Next, they compare the estimated TBI rate of MMA (15.9 percent), to medically documented concussion rates in Australian boxing and kickboxing bouts (4.9 and 1.9 percent, respectively). They state that concussions are not certain in the MMA cases examined, but argue anyway that KOs and TKOs are “of considerable concern for the safety of fighters.” They also compare the TBI rate for MMA to those estimated for professional football (8.08 percent) and junior ice hockey (2.2 percent), revealing how much higher the MMA rate is.

Towards the end, all this information comes together to “strongly argue for banning the sport in youth” and to institute preventative strategies for professional fighters such as a 10-second count following a knockdown – head gear is mentioned in a subtle way earlier in the paper. This is where I start to have a bit of a problem. It’s one thing to perform a study and let the results speak for themselves. It’s quite another to talk about how the results strongly argue for policy when they’re based on limited information.

Here are some of my general concerns:

(1) The study doesn’t medically examine fighters before and after competition, in training and out of training. This would be ideal although it’s understandably impractical. Our best shot at something approaching this structure seems to be the Cleveland Clinic’s Professional Fighter Brain Health Study. Let’s hope as many fighters as possible go the Aaron Riley route and choose to participate in their free medical services.

(2) The study only examines knockouts in competition. It doesn’t account for head trauma that may or may not occur in practice or the effect of repeated, non-knockout shots to the head and compare these with other sports. This isn’t necessarily a flaw in design – it’s just outside the scope of the paper – but it’s a wee bit important to consider before supporting policy action.

(3) A TBI is essentially assumed for all cases in which a fight is finished by strikes. This is definitely liberal, but we’ll go with it for now.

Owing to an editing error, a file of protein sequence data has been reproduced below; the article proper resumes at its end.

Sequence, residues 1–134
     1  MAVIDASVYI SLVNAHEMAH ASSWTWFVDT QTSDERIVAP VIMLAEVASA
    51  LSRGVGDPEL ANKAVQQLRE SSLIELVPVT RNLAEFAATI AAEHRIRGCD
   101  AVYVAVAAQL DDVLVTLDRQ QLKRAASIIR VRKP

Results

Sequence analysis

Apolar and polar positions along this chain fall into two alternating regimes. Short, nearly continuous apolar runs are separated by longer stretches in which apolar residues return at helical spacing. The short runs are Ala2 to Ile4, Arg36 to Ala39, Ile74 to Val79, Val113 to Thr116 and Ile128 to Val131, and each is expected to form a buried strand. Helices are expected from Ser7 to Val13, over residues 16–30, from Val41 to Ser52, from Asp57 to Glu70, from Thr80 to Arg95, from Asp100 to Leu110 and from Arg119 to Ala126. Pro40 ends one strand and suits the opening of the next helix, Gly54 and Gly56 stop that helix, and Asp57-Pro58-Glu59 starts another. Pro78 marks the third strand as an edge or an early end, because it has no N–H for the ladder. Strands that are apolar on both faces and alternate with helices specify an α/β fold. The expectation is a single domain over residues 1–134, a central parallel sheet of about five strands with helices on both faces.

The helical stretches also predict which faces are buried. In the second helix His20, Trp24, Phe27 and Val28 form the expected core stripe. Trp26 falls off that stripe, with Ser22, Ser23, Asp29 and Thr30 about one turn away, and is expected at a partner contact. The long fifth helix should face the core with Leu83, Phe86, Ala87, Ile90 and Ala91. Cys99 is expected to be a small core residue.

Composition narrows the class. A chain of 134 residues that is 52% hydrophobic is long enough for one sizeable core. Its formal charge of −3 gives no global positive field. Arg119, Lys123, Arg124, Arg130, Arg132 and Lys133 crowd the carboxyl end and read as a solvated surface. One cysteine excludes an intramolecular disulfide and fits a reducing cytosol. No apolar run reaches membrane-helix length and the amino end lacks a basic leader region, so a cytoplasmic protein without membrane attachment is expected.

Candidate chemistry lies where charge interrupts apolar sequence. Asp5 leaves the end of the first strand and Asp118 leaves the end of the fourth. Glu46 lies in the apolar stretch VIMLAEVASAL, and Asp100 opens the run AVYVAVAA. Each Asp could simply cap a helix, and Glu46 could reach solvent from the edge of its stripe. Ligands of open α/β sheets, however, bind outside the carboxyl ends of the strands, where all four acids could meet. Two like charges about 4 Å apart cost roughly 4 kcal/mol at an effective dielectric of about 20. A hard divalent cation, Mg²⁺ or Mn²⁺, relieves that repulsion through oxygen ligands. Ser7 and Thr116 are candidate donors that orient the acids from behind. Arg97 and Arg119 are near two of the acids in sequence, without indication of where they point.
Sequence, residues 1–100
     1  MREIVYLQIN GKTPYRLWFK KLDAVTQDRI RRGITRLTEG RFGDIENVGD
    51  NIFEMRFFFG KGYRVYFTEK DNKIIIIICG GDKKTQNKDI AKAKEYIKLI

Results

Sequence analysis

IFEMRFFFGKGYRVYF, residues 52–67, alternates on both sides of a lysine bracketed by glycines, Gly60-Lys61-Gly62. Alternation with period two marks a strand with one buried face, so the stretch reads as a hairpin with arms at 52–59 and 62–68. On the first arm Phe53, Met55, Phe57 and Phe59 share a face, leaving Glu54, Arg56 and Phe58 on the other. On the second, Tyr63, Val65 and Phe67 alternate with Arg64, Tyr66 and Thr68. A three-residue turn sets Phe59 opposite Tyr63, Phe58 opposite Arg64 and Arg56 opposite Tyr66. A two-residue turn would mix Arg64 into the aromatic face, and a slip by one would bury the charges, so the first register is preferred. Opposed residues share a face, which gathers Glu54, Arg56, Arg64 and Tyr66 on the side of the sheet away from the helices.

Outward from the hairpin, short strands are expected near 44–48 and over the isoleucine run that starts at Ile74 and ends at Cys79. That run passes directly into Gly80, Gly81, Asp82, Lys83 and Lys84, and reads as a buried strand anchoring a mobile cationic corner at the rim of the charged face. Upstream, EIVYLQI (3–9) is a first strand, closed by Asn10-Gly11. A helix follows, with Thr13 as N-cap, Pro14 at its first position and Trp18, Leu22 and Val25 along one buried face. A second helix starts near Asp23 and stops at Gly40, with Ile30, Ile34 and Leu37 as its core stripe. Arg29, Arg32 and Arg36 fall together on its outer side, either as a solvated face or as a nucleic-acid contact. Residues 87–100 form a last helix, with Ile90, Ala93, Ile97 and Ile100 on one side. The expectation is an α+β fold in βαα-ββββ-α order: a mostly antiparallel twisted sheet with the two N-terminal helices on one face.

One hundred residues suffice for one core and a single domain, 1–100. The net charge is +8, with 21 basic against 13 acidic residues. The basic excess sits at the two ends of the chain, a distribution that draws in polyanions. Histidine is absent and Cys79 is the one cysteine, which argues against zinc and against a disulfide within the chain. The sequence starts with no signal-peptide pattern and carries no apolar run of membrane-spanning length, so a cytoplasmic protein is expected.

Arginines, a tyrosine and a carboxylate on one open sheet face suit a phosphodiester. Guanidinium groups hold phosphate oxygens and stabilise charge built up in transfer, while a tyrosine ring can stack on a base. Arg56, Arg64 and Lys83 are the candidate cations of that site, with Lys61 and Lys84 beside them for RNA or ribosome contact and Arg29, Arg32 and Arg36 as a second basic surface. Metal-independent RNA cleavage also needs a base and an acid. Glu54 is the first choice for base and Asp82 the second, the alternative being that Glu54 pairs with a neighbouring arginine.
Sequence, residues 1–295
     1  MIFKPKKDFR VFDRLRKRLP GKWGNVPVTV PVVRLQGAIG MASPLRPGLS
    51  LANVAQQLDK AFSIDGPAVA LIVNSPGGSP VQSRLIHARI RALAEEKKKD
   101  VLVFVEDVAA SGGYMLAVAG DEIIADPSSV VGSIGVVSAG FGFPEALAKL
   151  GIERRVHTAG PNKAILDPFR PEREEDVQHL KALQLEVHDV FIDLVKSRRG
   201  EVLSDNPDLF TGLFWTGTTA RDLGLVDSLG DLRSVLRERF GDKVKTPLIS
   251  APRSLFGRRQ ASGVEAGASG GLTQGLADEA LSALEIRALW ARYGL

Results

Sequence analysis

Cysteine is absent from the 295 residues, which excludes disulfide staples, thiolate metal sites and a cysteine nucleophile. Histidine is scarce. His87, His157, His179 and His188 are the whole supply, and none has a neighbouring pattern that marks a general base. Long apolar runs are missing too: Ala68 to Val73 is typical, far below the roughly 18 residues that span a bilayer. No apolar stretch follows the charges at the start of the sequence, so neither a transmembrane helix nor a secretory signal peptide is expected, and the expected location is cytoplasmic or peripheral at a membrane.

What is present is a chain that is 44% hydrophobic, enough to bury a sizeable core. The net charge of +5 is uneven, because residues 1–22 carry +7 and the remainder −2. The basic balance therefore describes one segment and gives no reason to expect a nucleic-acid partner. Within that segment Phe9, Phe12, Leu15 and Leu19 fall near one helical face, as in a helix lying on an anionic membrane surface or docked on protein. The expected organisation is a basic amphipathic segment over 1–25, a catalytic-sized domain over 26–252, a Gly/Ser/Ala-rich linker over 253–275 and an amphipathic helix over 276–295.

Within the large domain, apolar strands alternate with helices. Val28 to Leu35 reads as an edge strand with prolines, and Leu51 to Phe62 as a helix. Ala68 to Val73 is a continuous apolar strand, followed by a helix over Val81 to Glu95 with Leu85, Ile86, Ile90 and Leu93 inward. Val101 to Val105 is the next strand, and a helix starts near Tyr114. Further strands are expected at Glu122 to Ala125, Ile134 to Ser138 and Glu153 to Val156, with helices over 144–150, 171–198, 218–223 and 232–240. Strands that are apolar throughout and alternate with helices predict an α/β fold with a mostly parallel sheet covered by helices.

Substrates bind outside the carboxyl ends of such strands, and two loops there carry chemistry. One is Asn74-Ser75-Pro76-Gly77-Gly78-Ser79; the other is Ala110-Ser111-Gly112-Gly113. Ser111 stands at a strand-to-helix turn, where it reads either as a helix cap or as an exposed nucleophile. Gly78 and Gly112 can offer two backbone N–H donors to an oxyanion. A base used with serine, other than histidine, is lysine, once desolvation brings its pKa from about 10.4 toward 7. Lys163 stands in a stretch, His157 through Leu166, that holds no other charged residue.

(4) They compare TBI rates instead of the number of TBI occurrences over a given time frame. Let’s assume their football and hockey TBI rates apply to the NFL and NHL and see what happens over the course of a year. This is what we get:

NFL and NHL players may have lower TBI rates but they have many more exposures (games) throughout the year, not even including the playoffs. Compare that to the average number of TBIs for an MMA fighter competing 1-4 times per year. Since 2009, the average UFC fighter competes 1.77 times per year with 42.8 percent competing once, 38.8 competing twice, 16.8 competing three times and 1.6 percent competing four times – Donald Cerrone is the only fighter to compete five times in one year, accomplishing the feat in 2011. If traumatic brain injury were your only concern, according to these numbers would you rather be an NFL/NHL player or a mixed martial artist? And don’t tell me you’d rather be Buffer, Rogan or Goldy because they have the coolest jobs in the world and don’t get any brain injuries. Work with me people!

Let’s look at it another way. Suppose a super-secret Kumite is held once every five years in a foreign land. Suppose 60 percent of the participating fighters get concussed…and none dies at the hands of Chong Li. Is this a major medical concern because 60 percent is a big number? It’s a matter of opinion, but my answer is no because frequency matters. I’d be much more concerned about football and hockey players getting concussed more than once a year than a few people getting concussed once every five years. Is it great if we can bring head trauma rates down? Absolutely. But with head gear and 10-second counts? What’s happening to my beloved sport?

The study concludes with:

Public health authorities and physicians should be cognizant of the high rates of head trauma associated with participation in MMA, in addition to the risk of brain injuries associated with KOs and TKOs from repetitive strikes, and manage and counsel patients and other stakeholders appropriately.

Manage and counsel stakeholders appropriately? I couldn’t agree more.

None of this is suggesting that there might not be a real issue with brain trauma in MMA. It’s cage fighting for god’s sake. While this isn’t the study to rigorously document the effect of MMA on the brain, it does add value in the lessons learned from the video analysis.

What are your thoughts on the study? Do you agree or disagree with my assessments? Sound off in the comments.

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About the author
Paul Gift
Paul Gift

Dr. Paul Gift is a sports economist with a research focus on mixed martial arts. A licensed MMA referee and judge himself, Dr. Gift’s interests pertain to many facets of the MMA industry including behavioral biases and judging, the role of financial and environmental factors on fighter performance, determination of fighter marginal products, and predictive analytics.

A regular MMA business contributor for Forbes, Dr. Gift also writes about MMA analytics and officiating in popular press for SB Nation and co-hosts the MMA business podcast Show Money. His sports research has been cited in the Wall Street Journal, ESPN’s Grantland, and popular media including Around the Horn, Olbermann, and various MMA and boxing podcasts.